If we grew up having to seek approval and be pleasing to get our needs met, then this can be a difficult habit to break. But it’s a great drain of energy and takes us further and further away from our own sense of self.
To be powerful, we need to know who we are. And to hear our needs and desires we need to stop spending all our time and energy trying be what others desire.
6. Watch out for toxic relationships.
An addiction to unhealthy relationships can completely deplete us and even leave us constantly ill.
If we are constantly letting someone else belittle us or hurt us, then we will always feel knocked down and helpless instead of powerful. We get stuck in an endless cycle of reaffirming our negative beliefs that we aren’t worthy.
7. Learn about and create real connection.
When we feel fully supported, it’s easier to feel powerful. Even if we fall, someone will catch us and encourage us to get back up.
Of course we need to find those people who ‘get us’. Who respect us and are a safe space for us to be our authentic selves, and who understand what drives us.
8. Commit to your values.
Your personal values are the things that matter to you when all else falls away. It’s easy to get caught up in the values of our family, partners, and friends, which can lead to constantly feeling a bit lost and fatigued.
When we face up to what actually makes us feel alive — whether that is freedom from a nine-to-five job, or even structure, if we come from a creative family? We can feel a great release of energy.
We can also then find our support ‘tribe’, the people we feel at home with because we share their values.
9. Learn self-compassion.
Making mistakes is not a problem. It’s better to take incorrect action than take no action at all.
The problem is when we make mistakes then beat ourselves up and judge ourselves, stopping ourselves in our tracks just as we are starting to be powerful and shine.
How could you speak to yourself the same way you would to a good friend?
10. Be present.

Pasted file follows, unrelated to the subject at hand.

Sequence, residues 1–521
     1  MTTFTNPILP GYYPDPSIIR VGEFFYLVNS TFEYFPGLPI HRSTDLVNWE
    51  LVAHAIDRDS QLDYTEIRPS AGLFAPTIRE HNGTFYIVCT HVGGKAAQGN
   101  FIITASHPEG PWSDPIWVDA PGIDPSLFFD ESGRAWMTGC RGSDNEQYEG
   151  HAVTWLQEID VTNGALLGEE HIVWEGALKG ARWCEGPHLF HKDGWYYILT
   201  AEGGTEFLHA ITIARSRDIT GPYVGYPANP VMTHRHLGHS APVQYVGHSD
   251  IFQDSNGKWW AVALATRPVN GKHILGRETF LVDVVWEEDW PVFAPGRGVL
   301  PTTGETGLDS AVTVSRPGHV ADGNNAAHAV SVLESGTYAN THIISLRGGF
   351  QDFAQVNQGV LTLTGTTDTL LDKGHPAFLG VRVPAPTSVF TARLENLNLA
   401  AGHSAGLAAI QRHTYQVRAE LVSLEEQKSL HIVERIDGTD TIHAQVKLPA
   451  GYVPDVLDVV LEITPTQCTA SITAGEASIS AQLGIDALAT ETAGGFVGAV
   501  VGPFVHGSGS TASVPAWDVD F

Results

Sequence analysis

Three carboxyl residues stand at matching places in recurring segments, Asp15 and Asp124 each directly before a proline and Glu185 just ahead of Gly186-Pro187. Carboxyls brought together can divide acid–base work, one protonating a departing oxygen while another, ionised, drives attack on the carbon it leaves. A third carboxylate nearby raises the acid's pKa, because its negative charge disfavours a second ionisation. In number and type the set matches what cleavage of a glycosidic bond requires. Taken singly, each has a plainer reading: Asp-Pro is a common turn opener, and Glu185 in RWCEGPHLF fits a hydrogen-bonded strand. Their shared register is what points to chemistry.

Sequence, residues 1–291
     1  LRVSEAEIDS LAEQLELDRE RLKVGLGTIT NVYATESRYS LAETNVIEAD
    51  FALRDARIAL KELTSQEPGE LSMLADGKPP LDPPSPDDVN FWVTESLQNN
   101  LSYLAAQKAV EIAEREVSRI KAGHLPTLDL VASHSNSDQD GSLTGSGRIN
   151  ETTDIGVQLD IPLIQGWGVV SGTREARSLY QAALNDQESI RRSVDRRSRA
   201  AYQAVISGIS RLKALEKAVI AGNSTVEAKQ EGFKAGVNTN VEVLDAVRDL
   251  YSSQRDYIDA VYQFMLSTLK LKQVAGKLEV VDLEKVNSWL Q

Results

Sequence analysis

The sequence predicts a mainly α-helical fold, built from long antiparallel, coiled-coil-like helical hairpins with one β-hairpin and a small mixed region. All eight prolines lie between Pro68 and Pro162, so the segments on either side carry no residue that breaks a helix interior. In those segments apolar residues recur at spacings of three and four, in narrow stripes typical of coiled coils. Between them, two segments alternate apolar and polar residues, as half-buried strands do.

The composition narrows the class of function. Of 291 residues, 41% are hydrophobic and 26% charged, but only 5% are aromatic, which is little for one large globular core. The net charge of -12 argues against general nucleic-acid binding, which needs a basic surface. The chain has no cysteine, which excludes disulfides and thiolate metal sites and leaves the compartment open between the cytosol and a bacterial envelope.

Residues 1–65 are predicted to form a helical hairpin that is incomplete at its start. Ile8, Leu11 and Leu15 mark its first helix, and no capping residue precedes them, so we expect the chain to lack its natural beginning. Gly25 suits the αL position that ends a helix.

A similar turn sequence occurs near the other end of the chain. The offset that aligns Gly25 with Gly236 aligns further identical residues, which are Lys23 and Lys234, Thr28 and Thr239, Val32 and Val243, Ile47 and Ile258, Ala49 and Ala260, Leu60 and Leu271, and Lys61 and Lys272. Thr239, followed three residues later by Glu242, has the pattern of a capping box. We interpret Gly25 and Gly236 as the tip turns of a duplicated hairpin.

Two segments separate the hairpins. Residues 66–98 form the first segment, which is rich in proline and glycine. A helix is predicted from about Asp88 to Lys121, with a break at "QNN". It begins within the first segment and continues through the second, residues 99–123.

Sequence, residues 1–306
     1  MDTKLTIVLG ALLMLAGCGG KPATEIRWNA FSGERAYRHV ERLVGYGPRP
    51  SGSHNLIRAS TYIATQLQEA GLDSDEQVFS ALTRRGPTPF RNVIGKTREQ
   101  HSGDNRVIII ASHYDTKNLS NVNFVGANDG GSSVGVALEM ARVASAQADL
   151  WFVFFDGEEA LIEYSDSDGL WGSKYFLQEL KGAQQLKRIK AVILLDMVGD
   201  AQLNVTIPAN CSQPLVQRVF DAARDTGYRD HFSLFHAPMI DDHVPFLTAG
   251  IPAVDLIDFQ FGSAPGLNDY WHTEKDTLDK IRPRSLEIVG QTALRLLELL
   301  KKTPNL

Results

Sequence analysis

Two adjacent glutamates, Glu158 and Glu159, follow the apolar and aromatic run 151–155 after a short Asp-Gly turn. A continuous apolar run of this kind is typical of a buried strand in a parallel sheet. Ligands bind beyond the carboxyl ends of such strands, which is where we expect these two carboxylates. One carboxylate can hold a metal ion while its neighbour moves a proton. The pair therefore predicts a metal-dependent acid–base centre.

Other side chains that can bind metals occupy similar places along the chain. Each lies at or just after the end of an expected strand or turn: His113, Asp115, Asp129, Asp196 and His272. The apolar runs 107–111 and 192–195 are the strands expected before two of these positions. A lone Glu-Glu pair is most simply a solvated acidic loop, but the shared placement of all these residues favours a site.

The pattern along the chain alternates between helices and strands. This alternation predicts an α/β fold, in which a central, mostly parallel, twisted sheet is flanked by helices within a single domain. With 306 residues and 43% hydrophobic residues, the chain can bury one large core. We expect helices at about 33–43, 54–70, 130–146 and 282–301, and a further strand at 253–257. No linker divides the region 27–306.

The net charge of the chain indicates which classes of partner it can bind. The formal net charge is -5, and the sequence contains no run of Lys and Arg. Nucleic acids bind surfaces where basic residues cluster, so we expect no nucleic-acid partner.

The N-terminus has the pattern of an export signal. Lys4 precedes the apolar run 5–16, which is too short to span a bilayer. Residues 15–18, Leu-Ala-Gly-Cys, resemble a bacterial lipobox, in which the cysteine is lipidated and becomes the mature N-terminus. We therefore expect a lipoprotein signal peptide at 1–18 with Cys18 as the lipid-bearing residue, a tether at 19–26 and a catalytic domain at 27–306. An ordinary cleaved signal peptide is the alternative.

It can be misguided to think personal power comes from doing ‘more’. Instead it can come from clearing out distractions and focusing our minds so that we stop missing the moments to use our inner resources.
Mindfulness is a practise that helps us be grounded in the present moment, meaning we don’t overlook opportunity when it passes by. And it’s free and easy to learn (try our free ‘Guide to Mindfulness‘).
11. Know when to ask for support.
Can’t turn off your negative thoughts? Feel your self-esteem is so low you’ll never feel powerful? Or simply can’t seem to set boundaries no matter how you try?
Sometimes our old patterns come from a difficult childhood, and the ways we learned to behave and think in order to survive. They are deep-rooted and hard to untangle alone.
See reaching out for some support, in the form of a counsellor or psychotherapist, your first courageous step to being powerful.
Sick of feeling lost and powerless? We connect you with highly experienced and skilled London talk therapists in central locations. Not in the city? Use our booking site now to find a registered therapist near you, or an online counsellor you can work with from anywhere.
Andrea M. Darcy is left a successful career as a screenwriter to become a health writer and train in counselling and coaching. She also advises people on creating their therapy journey. Find her @am_darcy.